Let me say something about a so called “real socialism” (that promoted by Lenin). After The Great October Revolution in Russia it very soon had become clear that Lenin’s system based on Marx and Engels economic treaties is an academic utopia, impossible to apply in the conditions of real economic challenges of a country devastated by war and fratricidal revolutionary slaughter. The below fragment from wikipedia article about Joseph Stalin, brings some light to the sad balance of his cruel regime. And that was just the beginning, since communist and socialist regimes during years 1945-1991 devastated the economies of half of the states of today’s European Union, (which I still remember, since I was born in 1977):
“…Early researchers attempting to tally the number of people killed under Stalin’s regime were forced to rely largely upon anecdotal evidence. Their estimates ranged from a low of 3 million to as high as 60 million. When the Soviet Union collapsed in 1991 however, evidence from the Soviet archives finally became available. The archives record that about 800,000 prisoners were executed (for either political or criminal offences) under Stalin, while about 1.7 million died in the GULAG and some 389,000 perished during kulak forced resettlement — a total of about 3 million victims.
Debate continues, however, since some historians believe the archival figures to be unreliable. For example, some argue that the many suspects tortured to death while in “investigative custody” were likely not counted amongst the executed. Also, there are certain categories of victim which it is generally agreed were carelessly recorded by the Soviets — such as the victims of ethnic deportations, or of German population transfer in the aftermath of WWII.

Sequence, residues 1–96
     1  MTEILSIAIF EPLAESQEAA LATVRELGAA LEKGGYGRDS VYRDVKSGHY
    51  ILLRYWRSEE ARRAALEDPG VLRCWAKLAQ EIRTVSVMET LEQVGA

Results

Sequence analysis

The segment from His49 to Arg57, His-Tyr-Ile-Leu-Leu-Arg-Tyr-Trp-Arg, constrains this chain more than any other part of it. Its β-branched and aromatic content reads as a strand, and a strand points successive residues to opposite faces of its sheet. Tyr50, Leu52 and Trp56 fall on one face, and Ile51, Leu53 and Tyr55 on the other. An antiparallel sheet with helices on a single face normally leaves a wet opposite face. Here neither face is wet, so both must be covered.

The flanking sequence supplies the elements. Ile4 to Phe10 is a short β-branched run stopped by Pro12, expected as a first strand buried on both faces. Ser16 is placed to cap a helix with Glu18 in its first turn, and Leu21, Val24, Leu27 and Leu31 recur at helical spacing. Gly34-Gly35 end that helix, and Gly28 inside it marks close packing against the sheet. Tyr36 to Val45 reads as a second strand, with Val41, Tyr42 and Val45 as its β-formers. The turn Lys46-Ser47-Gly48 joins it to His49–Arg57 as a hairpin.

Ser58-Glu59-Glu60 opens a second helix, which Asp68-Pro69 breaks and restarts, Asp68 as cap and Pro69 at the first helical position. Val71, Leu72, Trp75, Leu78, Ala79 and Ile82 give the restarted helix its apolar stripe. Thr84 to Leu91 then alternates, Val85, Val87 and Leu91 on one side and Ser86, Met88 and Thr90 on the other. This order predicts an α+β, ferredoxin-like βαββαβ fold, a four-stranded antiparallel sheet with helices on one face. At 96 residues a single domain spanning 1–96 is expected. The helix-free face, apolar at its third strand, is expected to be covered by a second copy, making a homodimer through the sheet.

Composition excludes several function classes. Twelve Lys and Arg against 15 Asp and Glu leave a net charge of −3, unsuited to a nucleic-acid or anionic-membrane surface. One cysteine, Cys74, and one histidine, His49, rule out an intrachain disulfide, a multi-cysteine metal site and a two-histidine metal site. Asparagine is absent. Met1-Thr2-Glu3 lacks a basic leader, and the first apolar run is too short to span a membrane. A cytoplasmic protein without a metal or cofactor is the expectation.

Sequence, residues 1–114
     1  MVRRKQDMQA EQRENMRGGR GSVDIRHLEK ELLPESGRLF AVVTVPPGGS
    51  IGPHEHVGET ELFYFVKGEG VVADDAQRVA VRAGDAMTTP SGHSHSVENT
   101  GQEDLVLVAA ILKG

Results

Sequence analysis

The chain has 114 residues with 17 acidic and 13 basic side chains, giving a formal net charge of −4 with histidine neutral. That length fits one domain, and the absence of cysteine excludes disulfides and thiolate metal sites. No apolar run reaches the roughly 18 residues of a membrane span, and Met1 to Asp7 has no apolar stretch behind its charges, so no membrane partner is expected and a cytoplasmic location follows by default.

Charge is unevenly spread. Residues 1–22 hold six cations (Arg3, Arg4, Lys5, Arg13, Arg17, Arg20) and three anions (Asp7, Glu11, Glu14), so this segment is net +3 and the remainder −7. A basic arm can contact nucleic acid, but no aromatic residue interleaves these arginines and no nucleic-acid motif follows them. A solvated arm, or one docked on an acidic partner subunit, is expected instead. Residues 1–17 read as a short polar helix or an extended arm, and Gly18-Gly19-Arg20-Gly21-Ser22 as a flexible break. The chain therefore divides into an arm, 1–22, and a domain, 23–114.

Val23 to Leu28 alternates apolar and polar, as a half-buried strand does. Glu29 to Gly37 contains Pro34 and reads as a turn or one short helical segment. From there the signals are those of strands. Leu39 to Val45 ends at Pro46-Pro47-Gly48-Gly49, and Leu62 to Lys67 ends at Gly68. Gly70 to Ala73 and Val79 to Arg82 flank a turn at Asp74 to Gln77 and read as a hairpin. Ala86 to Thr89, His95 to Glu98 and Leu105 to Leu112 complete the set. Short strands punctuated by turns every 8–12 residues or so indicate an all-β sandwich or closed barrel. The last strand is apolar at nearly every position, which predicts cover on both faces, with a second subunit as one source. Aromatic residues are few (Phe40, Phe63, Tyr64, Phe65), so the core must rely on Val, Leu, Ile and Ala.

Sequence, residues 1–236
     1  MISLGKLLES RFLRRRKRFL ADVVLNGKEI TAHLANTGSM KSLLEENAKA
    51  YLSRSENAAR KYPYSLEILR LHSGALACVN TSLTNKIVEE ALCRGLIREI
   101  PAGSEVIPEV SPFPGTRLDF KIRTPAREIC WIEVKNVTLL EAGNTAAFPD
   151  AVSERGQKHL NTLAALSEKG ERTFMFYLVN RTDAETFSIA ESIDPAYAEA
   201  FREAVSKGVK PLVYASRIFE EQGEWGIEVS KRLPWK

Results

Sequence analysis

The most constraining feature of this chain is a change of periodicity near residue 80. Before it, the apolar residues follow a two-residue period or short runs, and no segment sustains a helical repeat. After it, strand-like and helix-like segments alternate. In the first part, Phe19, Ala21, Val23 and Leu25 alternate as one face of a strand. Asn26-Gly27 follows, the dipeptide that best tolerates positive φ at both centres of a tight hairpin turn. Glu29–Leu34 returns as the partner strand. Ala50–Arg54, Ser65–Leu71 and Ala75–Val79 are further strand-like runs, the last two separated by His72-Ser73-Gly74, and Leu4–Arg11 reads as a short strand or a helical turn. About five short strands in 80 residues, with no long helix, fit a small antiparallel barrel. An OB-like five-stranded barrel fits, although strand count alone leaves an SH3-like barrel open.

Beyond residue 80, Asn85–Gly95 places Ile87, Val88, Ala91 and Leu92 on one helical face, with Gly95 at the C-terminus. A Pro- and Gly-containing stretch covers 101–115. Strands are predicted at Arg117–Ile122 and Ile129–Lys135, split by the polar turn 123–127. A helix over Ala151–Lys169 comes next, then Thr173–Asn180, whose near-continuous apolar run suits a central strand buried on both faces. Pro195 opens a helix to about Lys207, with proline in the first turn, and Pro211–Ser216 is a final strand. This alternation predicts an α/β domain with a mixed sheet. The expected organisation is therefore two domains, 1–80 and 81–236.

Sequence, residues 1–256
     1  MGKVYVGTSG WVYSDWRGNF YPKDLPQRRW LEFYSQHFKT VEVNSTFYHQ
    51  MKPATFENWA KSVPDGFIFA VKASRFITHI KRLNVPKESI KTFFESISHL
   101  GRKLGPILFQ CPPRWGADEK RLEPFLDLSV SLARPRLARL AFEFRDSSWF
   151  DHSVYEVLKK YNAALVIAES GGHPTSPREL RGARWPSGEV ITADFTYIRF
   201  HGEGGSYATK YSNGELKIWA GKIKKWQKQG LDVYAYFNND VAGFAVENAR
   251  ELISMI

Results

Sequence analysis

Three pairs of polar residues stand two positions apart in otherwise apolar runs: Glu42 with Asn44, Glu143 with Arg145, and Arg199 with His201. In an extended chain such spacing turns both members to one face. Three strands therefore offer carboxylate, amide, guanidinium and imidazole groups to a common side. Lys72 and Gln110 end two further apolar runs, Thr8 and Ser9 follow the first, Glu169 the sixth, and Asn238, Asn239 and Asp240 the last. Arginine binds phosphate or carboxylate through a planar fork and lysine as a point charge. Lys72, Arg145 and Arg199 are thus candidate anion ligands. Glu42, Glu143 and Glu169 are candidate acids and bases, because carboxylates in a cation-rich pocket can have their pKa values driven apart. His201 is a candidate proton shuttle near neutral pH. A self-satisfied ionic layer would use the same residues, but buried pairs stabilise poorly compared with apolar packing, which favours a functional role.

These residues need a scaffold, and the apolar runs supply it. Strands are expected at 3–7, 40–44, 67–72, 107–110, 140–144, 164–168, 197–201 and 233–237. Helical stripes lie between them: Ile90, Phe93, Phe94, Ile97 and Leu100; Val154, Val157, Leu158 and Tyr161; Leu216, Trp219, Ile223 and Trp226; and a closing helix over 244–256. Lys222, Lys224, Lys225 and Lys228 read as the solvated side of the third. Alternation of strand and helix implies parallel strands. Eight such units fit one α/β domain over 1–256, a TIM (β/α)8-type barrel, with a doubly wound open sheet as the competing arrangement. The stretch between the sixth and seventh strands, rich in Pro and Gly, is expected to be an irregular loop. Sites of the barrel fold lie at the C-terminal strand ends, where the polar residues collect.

Thus while some archival researchers have estimated the number of victims of Stalin’s repressions to be no more than about 4 million in total, others believe the number to be considerably higher. Russian writer Vadim Erlikman, for example, makes the following estimates: executions, 1.5 million; gulags, 5 million; deportations, 1.7 million (out of 7.5 million deported); and POWs and German civilians, 1 million — a total of about 9 million victims of repression.
Some historians have also included the 6 to 8 million victims of the 1932–1933 famine as victims of repression. This categorization is controversial however, as historians differ as to whether the famine was a deliberate part of the campaign of repression against kulaks or simply an unintended consequence of the struggle over forced collectivization.
Regardless, it appears that a minimum of around 10 million surplus deaths (4 million by repression and 6 million from famine) are attributable to the regime, with a number of recent books suggesting a likely total of around 20 million. Adding 6–8 million famine victims to Erlikman’s estimates above, for example, would yield a total of between 15 and 17 million victims. Pioneering researcher Robert Conquest, meanwhile, has revised his original estimate of up to 30 million victims down to 20 million. Others, however, continue to maintain that their earlier much higher estimates are correct…”